“I feel happy when I surf because it takes stress from my mind”: An Initial Exploration of Program Theory within Waves for Change Surf Therapy in Post-Conflict Liberia

· Sport and Peace
Authors

Jamie Marshall1, Brendon Ferrier1, Philip B. Ward2, Russell Martindale1

1 Edinburgh Napier University, Scotland
2 UNSW Sydney, Australia

Citation:

Marshall, J., Ferrier, B., Ward, P.B., & Martindale, R. (2020). “I feel happy when I surf because it takes stress from my mind”: An Initial Exploration of Program Theory within Waves for Change Surf Therapy in Post-Conflict Liberia. Journal of Sport for Development. Retrieved from https://jsfd.org/

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ABSTRACT

Surf therapy is a novel form of sport for development (SFD) intervention being utilized to support well-being within post-conflict settings. There is currently little research exploring surf therapy program theory in SFD contexts. Theoretical exploration is important for optimization, monitoring, and further expansion of service delivery. This research utilized pragmatic qualitative methods to explore participant-perceived impacts and outcomes within the Waves for Change (W4C) surf therapy intervention, as implemented in Harper, Liberia, that aims to support youth well-being. Twenty-three past W4C participants (17 males and 6 females, mean age = 15.8 years, SD = 3.6 years, range 11-25 years) took part in semistructured interviews about their experiences of surf therapy. Data were analyzed through constant comparative analysis. Six impacts and outcomes were identified within three intervention domains: Social, Skills Curriculum/Bananas Culture, and Surfing. The findings highlight sport as an adaptable vehicle for improving well-being and skills within successful intervention delivery while providing a foundation for further in-depth exploration of program theory. Furthermore, the findings provide empirical evidence on how to optimize and proliferate surf therapy within other post-conflict settings. The findings also provide transferable conclusions for the improvement of SFD more generally.

INTRODUCTION

The direct and indirect consequences of armed conflict such as civil war have been linked to higher mental disorder prevalence among conflict-exposed youth (Attanayake et al., 2009). These mental challenges are intergenerational by nature, leading to long-term negative mental health propagated within family dynamics (Betancourt et al., 2015). Between 1989 and 2004, the West African country of Liberia experienced devastating civil war defined by widespread human rights abuses and collapsing infrastructure. The country continues to experience a range of post-conflict challenges and human rights abuse such as gender-based violence, ritualistic killing, economic inequality, and civil unrest (United Nations, 2016). Negative mental health and poor well-being is prevalent in children (under the age of 14) and youth (15-24) in Liberia within the context of complete collapse of protective communal, family, and social structures (Borba et al., 2016). To start addressing these challenges, priority areas for at-risk Liberian youth have been identified including counselling, skills training, community reintegration, and recreation (Levey et al., 2013). Aligned with these priority areas is the Waves for Change (W4C) surf therapy intervention. W4C aims to combine surfing, mentoring, and social support to improve the well-being of at-risk youth in Liberia.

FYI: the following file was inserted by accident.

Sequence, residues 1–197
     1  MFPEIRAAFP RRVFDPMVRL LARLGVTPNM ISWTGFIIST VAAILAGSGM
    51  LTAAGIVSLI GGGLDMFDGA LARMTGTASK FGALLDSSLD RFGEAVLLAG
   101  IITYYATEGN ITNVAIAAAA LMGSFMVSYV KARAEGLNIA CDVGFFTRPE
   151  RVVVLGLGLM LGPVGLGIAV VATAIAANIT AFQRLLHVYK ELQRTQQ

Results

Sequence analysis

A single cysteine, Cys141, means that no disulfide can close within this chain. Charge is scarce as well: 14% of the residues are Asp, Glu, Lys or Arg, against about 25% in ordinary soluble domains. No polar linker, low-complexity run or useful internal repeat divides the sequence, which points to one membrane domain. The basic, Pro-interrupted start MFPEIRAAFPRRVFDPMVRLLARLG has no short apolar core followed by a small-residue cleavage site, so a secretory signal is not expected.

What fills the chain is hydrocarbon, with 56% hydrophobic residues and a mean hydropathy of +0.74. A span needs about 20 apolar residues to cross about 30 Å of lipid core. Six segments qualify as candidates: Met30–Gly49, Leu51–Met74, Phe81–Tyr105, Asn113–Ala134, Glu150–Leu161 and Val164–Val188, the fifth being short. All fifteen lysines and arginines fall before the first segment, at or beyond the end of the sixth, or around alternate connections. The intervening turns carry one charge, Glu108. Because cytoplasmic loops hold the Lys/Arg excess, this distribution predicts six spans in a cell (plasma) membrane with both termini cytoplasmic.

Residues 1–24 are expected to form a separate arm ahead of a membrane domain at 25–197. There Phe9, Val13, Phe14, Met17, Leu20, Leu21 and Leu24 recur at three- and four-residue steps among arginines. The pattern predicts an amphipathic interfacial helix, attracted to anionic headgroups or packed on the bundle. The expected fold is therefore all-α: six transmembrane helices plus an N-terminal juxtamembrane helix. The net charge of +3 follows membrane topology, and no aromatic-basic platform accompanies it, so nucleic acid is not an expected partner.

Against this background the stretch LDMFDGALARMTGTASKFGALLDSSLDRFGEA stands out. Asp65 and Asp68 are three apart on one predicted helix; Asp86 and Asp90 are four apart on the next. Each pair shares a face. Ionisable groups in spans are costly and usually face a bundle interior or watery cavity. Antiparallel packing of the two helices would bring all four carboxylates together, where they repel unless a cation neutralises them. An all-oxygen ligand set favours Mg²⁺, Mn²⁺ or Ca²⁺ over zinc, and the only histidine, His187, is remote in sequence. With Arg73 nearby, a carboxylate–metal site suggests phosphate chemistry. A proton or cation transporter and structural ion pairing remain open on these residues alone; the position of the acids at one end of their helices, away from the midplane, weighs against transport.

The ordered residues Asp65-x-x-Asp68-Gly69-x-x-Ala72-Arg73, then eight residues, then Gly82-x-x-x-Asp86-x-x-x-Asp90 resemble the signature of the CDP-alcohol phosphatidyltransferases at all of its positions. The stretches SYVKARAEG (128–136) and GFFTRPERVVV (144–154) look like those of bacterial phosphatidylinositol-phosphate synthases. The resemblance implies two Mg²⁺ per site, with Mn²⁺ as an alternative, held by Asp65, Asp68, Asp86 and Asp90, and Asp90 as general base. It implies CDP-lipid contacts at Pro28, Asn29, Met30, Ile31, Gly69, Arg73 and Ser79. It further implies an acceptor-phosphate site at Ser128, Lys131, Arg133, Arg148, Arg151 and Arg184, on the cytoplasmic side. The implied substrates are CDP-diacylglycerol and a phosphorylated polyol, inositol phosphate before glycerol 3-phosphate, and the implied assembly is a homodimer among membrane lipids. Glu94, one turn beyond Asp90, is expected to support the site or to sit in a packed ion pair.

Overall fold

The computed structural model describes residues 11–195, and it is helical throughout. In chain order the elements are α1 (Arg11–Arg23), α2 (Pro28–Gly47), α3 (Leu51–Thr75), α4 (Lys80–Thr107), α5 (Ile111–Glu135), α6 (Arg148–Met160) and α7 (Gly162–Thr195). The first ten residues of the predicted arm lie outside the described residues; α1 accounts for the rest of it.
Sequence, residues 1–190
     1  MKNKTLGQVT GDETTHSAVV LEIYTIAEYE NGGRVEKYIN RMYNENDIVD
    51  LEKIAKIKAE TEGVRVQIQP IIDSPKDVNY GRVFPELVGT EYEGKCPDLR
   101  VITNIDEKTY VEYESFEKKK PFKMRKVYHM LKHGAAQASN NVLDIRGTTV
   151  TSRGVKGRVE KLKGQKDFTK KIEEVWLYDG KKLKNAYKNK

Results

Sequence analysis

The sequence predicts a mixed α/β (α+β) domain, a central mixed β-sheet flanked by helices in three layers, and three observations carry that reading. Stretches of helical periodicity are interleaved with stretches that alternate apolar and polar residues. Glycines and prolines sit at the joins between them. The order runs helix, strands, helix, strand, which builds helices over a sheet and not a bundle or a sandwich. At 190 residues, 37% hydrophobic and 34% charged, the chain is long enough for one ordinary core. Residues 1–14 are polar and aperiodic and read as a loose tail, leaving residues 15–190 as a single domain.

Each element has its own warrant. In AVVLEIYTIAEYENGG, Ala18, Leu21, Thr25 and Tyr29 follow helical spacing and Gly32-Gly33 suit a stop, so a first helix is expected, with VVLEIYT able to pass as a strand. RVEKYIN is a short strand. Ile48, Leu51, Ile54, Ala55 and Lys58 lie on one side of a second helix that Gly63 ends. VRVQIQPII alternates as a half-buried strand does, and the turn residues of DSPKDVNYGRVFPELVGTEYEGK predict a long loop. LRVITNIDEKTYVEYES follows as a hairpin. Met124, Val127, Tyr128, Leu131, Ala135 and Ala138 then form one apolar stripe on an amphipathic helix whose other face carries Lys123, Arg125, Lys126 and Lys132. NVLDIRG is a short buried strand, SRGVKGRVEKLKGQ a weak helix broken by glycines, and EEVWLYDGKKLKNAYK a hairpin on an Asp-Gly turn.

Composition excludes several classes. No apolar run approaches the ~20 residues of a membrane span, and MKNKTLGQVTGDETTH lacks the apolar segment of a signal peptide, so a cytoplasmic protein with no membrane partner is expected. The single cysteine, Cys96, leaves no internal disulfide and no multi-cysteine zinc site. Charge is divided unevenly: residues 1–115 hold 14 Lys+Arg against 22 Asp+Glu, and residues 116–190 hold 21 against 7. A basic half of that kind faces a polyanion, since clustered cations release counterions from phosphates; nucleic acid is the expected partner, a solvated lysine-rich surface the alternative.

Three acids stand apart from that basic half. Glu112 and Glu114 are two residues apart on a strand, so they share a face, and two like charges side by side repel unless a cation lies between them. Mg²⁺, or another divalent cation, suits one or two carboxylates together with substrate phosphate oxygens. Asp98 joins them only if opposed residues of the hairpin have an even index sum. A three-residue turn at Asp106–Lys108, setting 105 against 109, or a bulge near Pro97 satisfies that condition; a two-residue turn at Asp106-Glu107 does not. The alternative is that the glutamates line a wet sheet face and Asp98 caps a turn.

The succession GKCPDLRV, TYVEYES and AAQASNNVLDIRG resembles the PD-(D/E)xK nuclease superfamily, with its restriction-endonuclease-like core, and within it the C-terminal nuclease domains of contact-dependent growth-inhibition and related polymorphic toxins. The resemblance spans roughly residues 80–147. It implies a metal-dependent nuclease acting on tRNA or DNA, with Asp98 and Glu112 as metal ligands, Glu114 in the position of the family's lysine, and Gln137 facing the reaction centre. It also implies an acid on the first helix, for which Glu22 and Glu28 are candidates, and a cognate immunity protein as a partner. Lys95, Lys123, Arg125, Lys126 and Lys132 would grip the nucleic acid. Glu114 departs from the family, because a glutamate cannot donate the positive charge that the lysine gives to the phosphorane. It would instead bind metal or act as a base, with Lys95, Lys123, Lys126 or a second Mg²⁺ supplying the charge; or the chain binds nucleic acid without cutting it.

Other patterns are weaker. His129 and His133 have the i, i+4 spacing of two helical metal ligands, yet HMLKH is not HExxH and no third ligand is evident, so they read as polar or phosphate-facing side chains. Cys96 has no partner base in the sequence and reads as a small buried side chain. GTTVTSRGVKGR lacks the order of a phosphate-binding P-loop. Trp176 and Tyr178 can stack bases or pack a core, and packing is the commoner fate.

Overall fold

The W4C intervention in Liberia is an example of sport for development (SFD) within a post-conflict setting. SFD is an ever-increasing paradigm defined as “the intentional use of sport, physical activity and play to attain specific development objectives” (Sport for Development and Peace International Working Group, 2009, p.305). There remains a global paucity of rigorous evidence demonstrating the effectiveness of SFD (Langer, 2015; Whitley, Massey, Camiré, Blom, et al., 2019; Whitley, Massey, Camiré, Boutet, et al., 2019) though promising results can be seen within organizational evaluations, annual reports, and nonpeer reviewed grey material within the sector. This paucity of research is also reflected within SFD interventions targeting mental health outcomes among youth in post-conflict situations (Hamilton et al., 2016). While a recent study in Liberia demonstrated how a targeted and carefully designed SFD intervention can achieve developmental goals with marginalized youth (Blom et al., 2020), this study was limited by a lack of control group within the study design.

Within the SFD paradigm, action sports have been highlighted as having significant potential for impact (Thorpe, 2014) despite only making up 1.9% of SFD organizations (Svensson & Woods, 2017). Action sports are compatible with an “interventionist approach” to SFD and differ from traditional rule-bound competitive sports due to: (a) competitive structure not being a requirement, (b) goals being defined on a personal level, and (c) the use of public or natural spaces instead of defined play areas such as a pitch or court (Thorpe, 2014). Examples of action sports include skateboarding, climbing, mountain biking, and surfing. Despite positive case studies (Thorpe, 2014), evidence for the effectiveness of action sports for development remains limited. The action sport of surfing has provided the vehicle for a range of interventions collectively known as surf therapy. A recent review that explored the strength of evidence for the effectiveness of surf therapy found promising results relating to mental health for children and youth, though there remains a need for further rigorous study (Benninger et al., 2020).